The Mounted Recruiting Service had centers in 19 cities across the US. They were: Boston, Mass. (1861-63), Cincinnatti, Oh. (1861-65), New York City, Ny. (1861-65), Wheeling, Va. (62-63), Buffalo, Ny. (1862-63), Norristown, Pa. (1862), Cleveland, Oh. (1862-65), Indianapolis, Ind. (1862-63), Baltimore, Md. (62 and 65), Pittsburg, Pa. (1862-65), Philadelphia, Pa. (1862-65), Chicago, Ill. (1862), Detroit, Mi. (1862-63), Elmira, Ny. (1862-63), Washington, D.C. (1862-63), Harrisburg, Pa. (1863-65), Madison, Wis. (1864), Rochester, Ny. (1864-65), and St. Louis, Mo. (1864). Some of these were only open for months. There were also other recruitment centers opened locally by the Cavalry Regiments 1st--6th,where ever they might be stationed.

The US Regular Artillery was also recruited by the MRS at Carlisle.

US Regular Infantry Recruitment was carried out from October to December 1862 at Washington D.C., Harper's Ferry near Md., and near Nashville, Tenn. There is also information that says US Regular Infantry Regiments were recruited in small towns, such as the 16th near Rouse's Point, NY. It was mustered in at Albany, NY. It was originally called the 1st NY Northern Infantry. Evidently the recruitment of US Regular Infantry was a problem. One sees recruiting of various regiments during the war in different cities, like the 15th US Infantry Regiment at Philadelphia. There were usually bounties of $100., offered for joining up during the war.
The US Engineers recruited in downtown Boston (Boylston Street) in October 1861 and the recruiting officer was one Captain James B. McPherson (he signed up my direct ancestor). I believe that the Regular Infantry also had a recruiting station in Boston.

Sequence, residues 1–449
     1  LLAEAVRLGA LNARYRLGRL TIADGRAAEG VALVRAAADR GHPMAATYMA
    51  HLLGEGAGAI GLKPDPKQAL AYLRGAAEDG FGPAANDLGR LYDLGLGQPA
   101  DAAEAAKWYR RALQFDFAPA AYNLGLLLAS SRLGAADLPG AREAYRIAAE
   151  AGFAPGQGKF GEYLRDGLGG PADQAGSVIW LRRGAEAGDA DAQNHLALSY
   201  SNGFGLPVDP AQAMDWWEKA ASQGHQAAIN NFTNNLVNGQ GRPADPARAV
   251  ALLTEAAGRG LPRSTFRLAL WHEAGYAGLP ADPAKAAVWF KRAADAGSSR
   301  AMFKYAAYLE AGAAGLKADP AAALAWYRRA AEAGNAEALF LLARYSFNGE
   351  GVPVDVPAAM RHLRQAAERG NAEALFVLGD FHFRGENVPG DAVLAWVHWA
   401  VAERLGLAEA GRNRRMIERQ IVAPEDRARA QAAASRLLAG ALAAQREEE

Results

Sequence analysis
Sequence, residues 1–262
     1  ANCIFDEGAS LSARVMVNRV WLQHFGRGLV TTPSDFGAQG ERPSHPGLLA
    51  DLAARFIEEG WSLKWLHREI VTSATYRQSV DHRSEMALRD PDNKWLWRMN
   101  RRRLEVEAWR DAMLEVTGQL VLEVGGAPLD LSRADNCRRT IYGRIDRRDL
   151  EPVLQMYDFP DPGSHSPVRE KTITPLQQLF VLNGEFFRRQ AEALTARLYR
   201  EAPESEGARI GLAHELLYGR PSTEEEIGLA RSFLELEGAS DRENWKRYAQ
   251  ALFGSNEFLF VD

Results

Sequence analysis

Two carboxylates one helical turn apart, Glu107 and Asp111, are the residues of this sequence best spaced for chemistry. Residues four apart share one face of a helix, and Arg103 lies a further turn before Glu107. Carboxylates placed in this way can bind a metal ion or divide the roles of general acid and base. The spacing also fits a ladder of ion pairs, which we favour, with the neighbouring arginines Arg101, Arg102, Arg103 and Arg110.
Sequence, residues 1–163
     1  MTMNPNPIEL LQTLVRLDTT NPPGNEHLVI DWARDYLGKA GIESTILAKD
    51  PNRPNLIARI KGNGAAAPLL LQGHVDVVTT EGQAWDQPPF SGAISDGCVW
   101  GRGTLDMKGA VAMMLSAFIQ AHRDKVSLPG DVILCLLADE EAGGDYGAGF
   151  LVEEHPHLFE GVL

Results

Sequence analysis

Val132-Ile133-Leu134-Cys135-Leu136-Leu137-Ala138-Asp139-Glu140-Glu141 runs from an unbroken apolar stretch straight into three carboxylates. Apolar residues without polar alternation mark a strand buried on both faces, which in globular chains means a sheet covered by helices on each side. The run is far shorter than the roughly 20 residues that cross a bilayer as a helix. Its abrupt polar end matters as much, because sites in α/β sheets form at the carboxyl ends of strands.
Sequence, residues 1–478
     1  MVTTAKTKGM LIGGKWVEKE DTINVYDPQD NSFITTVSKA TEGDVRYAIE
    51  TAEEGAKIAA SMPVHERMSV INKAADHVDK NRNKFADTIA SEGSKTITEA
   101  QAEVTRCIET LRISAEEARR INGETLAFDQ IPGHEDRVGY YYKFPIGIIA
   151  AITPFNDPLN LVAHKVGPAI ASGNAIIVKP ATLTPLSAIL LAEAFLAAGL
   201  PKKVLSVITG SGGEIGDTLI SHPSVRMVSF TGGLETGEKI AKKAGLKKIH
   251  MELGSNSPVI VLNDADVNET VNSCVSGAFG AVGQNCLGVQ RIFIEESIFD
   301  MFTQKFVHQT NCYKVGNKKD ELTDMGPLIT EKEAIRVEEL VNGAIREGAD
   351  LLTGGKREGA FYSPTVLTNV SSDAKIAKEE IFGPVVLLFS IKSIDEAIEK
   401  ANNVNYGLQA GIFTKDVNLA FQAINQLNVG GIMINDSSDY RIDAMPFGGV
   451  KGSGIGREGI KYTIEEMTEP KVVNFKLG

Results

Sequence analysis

rpkennedy

Lt. Colonel
Member of the Year
Joined
May 18, 2011
Location
Carlisle, PA
I would imagine that most major cities would have had a recruiting station for the Regulars.

One thing that I've never seen and that I'm curious about is whether or not Regulars enlistments counted towards state manpower quotas since they weren't technically state enlistees. And if they did not count, I would imagine that the enlistees would not be eligible for the state bounties.

Ryan
 

mofederal

Major
Joined
Jun 27, 2017
Location
Southeast Missouri
From 61 to 65 the Federal Government along with states and localities paid about 750,000,000 in recruitment bounties. In 1861, Congress authorized a bounty of $100 in July 1861 to those enlisting three years. In March of 1863 those enlisting for three years were to get $300, and those enlisting for five years were to receive $400, which was to be paid in monthly installments, not all at once. The system soon became corrupt with bounty jumpers.
 

Belfoured

Sergeant Major
Joined
Aug 3, 2019
From 61 to 65 the Federal Government along with states and localities paid about 750,000,000 in recruitment bounties. In 1861, Congress authorized a bounty of $100 in July 1861 to those enlisting three years. In March of 1863 those enlisting for three years were to get $300, and those enlisting for five years were to receive $400, which was to be paid in monthly installments, not all at once. The system soon became corrupt with bounty jumpers.
If I recall correctly, there was a General Order issued in 1864 which credited to the state quotas enlistments in the Regular units retroactively from September 1862.